My friend Devon, the one who also gave me the recipe for my favorite Spicy Guava Tequila cocktail, served us these unbelievable giant Greek beans for dinner one night and I immediately asked for the recipe. Not only did Devon give me the recipe, but sent me home with some leftover beans, too. I stashed them away in my second fridge in the garage so that I wouldn’t have to share with my husband. I had a selfish moment, but I redeemed myself by making a whole baking dish of these beans soon thereafter.
I know everyone is expecting pumpkin spice recipes right now. Sorry to throw you for a loop, but I am trying to limit my sweets. October is when it all starts to go downhill for me because I am a sugar addict. I am fine for months and then I have my first bite of a pumpkin muffin or a pumpkin spice latte blondie, and I’m looking for sugar in all the wrong places. I might post a fun pumpkin treat before Halloween, but for now, I’m going to post a recipe that I’d like to eat this week!
First, you might be wondering what these giant (hence the name “gigantes” or “gigandes”) beans are. They are a variety of very large white bean that is creamy and kind of sweet tasting. You see them more in Spain and Greece. I found these on amazon. I love all legumes and I love even more mixing it up a bit from my standard chickpeas or lentils. When I was growing up, if my mom made beans, it was usually a main dish. Beans have loads of protein and “good” carbs since they are paired with lots of fiber, too. These are the kind of carbs that I want to eat – ones that won’t spike my blood sugar and have me craving more carbs (sweets tend to do that.)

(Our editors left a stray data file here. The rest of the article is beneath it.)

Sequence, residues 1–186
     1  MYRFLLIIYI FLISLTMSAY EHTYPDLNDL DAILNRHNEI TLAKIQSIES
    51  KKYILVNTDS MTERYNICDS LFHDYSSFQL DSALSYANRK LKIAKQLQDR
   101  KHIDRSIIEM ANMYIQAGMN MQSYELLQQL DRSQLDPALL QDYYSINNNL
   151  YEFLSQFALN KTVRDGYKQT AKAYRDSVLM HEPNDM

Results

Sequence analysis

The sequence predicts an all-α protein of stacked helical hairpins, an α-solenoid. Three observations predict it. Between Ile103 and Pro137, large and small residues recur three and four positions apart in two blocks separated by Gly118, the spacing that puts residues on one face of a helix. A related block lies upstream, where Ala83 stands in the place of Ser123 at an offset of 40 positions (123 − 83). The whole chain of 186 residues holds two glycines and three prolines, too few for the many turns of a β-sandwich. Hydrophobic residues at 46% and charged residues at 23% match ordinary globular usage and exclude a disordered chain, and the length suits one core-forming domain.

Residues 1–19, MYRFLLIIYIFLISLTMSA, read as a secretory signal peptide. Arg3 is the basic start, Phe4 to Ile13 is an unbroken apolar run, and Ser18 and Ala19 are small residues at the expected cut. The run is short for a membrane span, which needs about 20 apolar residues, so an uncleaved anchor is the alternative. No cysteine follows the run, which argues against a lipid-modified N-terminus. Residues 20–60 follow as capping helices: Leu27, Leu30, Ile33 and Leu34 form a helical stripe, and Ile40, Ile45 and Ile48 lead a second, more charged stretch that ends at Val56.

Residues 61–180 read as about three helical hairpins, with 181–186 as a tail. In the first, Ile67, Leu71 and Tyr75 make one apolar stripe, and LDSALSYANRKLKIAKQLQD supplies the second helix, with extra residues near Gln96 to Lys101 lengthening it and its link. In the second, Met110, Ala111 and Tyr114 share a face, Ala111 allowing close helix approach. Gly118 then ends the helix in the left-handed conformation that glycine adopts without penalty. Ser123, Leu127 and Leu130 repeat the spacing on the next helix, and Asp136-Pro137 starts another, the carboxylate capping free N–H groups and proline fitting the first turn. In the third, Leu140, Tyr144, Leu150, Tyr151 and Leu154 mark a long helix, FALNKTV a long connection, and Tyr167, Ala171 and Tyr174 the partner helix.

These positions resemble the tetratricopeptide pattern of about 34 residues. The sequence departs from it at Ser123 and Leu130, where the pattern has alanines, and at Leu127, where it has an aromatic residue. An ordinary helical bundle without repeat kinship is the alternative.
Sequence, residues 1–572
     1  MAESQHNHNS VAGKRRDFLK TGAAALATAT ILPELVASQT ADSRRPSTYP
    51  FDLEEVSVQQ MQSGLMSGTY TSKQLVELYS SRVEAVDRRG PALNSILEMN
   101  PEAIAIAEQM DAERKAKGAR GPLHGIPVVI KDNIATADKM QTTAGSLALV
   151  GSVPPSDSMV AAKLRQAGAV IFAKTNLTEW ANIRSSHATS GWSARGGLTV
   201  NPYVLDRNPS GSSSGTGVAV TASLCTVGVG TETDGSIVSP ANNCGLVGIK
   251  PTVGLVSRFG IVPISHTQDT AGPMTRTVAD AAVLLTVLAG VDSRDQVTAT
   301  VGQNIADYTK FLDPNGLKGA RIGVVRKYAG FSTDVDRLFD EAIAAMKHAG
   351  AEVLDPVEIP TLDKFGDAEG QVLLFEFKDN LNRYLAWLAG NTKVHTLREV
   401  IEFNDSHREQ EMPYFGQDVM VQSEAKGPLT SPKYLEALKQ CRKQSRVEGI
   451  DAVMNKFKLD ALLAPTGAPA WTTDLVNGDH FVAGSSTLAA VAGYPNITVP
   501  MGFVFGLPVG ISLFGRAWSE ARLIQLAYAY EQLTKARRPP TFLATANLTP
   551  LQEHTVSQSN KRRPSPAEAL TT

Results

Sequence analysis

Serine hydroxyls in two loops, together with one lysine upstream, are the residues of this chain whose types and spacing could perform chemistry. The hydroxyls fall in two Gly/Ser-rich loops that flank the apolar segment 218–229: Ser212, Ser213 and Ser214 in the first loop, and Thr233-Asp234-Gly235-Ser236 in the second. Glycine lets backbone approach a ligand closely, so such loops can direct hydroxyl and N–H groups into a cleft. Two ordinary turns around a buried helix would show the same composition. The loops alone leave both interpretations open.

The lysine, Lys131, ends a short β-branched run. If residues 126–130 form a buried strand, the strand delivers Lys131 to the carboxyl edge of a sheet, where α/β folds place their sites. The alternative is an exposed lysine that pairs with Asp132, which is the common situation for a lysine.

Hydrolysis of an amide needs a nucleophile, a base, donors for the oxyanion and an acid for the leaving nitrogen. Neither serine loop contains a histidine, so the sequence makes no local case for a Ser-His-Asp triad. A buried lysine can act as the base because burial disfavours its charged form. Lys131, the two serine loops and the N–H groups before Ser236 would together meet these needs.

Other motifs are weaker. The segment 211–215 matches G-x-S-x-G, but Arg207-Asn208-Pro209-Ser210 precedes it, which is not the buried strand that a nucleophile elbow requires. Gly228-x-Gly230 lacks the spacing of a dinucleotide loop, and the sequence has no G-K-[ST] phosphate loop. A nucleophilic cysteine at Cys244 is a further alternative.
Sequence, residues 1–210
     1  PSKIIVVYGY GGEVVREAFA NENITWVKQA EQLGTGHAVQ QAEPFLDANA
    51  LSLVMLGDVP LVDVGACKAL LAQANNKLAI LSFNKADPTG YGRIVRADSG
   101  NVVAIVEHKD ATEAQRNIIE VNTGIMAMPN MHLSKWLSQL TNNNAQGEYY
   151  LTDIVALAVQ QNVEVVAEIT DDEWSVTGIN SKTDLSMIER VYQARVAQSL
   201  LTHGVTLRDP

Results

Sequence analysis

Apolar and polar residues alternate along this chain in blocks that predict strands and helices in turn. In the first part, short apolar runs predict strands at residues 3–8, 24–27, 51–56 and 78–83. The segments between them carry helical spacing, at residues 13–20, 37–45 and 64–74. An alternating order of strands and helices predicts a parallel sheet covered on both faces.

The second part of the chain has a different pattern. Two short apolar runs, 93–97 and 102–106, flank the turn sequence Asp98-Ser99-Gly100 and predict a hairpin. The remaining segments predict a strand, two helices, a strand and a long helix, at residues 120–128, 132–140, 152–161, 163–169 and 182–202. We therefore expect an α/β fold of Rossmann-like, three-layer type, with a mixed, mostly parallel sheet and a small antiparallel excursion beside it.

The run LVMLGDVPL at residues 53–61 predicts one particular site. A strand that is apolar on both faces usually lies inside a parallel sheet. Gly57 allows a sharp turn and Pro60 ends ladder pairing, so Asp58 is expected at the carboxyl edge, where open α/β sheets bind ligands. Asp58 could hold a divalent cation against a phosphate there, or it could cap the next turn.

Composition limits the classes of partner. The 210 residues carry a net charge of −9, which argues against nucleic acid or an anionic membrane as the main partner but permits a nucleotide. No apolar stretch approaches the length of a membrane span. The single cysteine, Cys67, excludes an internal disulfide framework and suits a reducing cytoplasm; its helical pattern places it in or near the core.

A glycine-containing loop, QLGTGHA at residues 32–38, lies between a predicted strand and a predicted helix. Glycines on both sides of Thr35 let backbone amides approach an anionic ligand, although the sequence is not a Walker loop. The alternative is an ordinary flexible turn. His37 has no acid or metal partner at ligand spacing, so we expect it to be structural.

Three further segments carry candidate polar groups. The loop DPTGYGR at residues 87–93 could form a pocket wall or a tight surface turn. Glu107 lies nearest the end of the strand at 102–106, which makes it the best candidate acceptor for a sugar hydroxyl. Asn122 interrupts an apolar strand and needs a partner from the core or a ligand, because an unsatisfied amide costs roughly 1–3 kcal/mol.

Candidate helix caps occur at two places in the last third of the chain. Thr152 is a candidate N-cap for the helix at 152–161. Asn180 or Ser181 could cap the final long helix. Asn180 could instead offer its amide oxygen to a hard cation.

Back to these beans though. There is so much flavor and saucy goodness here. The feta and dill give it a distinctive Greek flair, but I think you could also take this recipe as inspiration and pair an Italian marinara sauce with canellini beans and pesto and ricotta or pecorino for a delicious bean bake. I’m not much of a bread eater (blood sugar spiker), but this would be a nice place to use it to mop up the sauce.
This is not a quick recipe. There’s soaking the beans and cooking the beans and then making the sauce and baking the whole thing. I know, I know. I love a quick recipe just as much as you do, but some recipes are worth the effort. I will argue that the time required is not all hands-on, active time in as much as planning ahead, inactive time. In fact, you can cook the beans and the sauce several days in advance if you like and assemble the casserole in the morning to bake later. Perfect for a dinner party or a weeknight. In my head I was kind of thinking this could be part of a hearty and healthy Halloween (already!) dinner, too.
Food you make at home with ingredients you know are clean is the way to better health. Trust me that you’ll never regret spending at least some time cooking for yourself and your loved ones. Not every dish has to look Instagram-worthy and you don’t need a culinary degree to feed your family 3 meals a day. I love seeing the pride and excitement in the images of your creations on IG. Please keep tagging me @pamelasalzman #pamelasalzman. It absolutely makes my day! XOXO